March – We partnered with Sushiman for a dining event on March 1 and the Matter of Balance classes with the Montgomery County Health Department started March 8 – a lead from the 2016 Senior Expo. Operation Clean Carpet happened March 10 and I hung out back here while they steam cleaned.  We also had a bumpy Polaris Upgrade March 7-9.  Youth Services Librarian interviews, a couple of audits, and the Friends Spring Tea ended the month.  The Township helped us out with building maintenance this year with new elevator locks and back-up battery, plus Meridian Security set up the community room to be alarmed, if needed. I had to put on my President cap during an unhappy phone call about the recent upgrade with Polaris on March 21, so hopefully the next migration/upgrade will go better. Glynnis expanded the Spring Egg Hunt, moving it to the hill next to the High School and utilized our teen volunteers to fill all 8,000 eggs. We hired Linda Jones in March and had to re-post for Glynnis’ position. Vanessa and Glynnis ended the Teen Reading Lounge by hosting Alex London, with a professional photographer from PHC to boot.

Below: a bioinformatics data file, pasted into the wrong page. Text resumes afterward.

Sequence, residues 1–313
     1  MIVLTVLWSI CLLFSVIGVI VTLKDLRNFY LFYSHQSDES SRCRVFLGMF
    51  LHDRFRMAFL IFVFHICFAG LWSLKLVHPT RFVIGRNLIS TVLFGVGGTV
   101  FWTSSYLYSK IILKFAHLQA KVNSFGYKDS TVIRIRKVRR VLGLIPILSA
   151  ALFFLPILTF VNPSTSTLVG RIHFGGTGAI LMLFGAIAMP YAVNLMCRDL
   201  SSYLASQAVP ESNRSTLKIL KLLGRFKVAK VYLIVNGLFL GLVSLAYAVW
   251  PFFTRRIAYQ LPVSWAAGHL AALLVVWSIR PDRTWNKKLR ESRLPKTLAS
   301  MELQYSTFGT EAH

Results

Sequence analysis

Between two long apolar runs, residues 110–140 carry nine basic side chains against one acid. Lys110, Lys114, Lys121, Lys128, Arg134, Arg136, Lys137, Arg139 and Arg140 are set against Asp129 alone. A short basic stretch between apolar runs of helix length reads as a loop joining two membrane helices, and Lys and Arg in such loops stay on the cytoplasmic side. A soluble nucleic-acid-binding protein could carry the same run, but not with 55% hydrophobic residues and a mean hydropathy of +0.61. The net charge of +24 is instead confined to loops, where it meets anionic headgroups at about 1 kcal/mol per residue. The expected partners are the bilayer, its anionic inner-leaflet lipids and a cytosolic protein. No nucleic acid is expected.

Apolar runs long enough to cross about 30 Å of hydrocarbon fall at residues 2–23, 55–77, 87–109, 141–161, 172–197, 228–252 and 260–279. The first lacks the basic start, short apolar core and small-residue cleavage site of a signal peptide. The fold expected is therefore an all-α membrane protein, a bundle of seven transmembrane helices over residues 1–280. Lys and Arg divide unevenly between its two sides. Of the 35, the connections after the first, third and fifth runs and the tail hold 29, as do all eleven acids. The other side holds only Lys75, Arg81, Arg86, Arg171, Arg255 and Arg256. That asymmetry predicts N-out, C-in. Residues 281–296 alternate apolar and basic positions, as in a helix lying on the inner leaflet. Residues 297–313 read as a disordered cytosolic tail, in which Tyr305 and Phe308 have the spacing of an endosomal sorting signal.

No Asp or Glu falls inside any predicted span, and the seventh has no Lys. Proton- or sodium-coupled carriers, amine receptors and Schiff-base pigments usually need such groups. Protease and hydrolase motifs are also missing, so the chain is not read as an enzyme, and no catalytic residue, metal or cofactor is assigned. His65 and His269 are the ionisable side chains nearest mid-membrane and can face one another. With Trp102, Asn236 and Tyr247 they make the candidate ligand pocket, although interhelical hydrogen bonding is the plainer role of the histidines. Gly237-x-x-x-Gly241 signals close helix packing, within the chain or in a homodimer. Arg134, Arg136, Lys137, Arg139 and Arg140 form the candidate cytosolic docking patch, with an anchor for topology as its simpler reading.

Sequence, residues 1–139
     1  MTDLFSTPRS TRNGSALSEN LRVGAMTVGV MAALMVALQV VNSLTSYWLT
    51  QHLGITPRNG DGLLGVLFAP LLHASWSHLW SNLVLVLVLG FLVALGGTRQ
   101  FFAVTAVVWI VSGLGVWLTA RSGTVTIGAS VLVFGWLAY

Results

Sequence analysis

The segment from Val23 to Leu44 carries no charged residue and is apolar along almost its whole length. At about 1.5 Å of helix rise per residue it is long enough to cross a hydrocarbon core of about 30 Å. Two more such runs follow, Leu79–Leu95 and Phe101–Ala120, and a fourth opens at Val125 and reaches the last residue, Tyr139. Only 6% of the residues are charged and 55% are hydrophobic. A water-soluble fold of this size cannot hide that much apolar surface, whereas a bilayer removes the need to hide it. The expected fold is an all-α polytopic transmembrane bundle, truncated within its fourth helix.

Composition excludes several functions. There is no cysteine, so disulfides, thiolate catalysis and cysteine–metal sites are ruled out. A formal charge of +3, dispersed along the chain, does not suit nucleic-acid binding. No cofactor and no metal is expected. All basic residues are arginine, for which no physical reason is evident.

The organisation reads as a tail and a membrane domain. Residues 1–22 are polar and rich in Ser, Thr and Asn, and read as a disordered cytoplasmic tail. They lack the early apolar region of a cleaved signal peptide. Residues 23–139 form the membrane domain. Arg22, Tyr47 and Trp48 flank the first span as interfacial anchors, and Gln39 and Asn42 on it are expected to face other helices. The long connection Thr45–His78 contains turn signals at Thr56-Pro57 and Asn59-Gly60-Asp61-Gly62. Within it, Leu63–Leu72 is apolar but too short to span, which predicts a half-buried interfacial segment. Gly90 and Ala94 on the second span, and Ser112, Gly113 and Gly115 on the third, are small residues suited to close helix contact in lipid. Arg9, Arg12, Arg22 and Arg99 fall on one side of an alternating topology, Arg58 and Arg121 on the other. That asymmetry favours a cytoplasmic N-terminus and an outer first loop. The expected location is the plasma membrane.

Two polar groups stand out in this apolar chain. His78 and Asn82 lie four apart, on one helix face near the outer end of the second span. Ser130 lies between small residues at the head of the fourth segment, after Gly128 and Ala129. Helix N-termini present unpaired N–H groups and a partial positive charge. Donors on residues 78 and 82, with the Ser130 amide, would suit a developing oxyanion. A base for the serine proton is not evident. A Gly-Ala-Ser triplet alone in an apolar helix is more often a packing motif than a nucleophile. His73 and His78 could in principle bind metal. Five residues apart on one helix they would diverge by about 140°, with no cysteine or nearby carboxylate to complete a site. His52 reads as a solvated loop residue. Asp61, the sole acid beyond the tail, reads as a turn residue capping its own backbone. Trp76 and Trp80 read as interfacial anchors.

April – More Art Nouveau lectures, 300+ Spring Egg Hunt, and Glynnis’ going away party April 29. Parking woes – Police ticketed 10 students and we also had kids trespass through the community room DURING a program to go play basketball, so I called the fuzz and scared some middle-schoolers straight! Also started a discussion of our need for fire lanes. Pam organized another very successful Volunteer Tea – she’s so good with people. I’ll stick to writing policies and hanging out with my cat. Pam and Marilyn put on Family Hour of code April 22, kicking off our new robotics programs.  I took a mental health day and drove up to New Hope to walk among the wildflowers (it was a bit early, but still fun).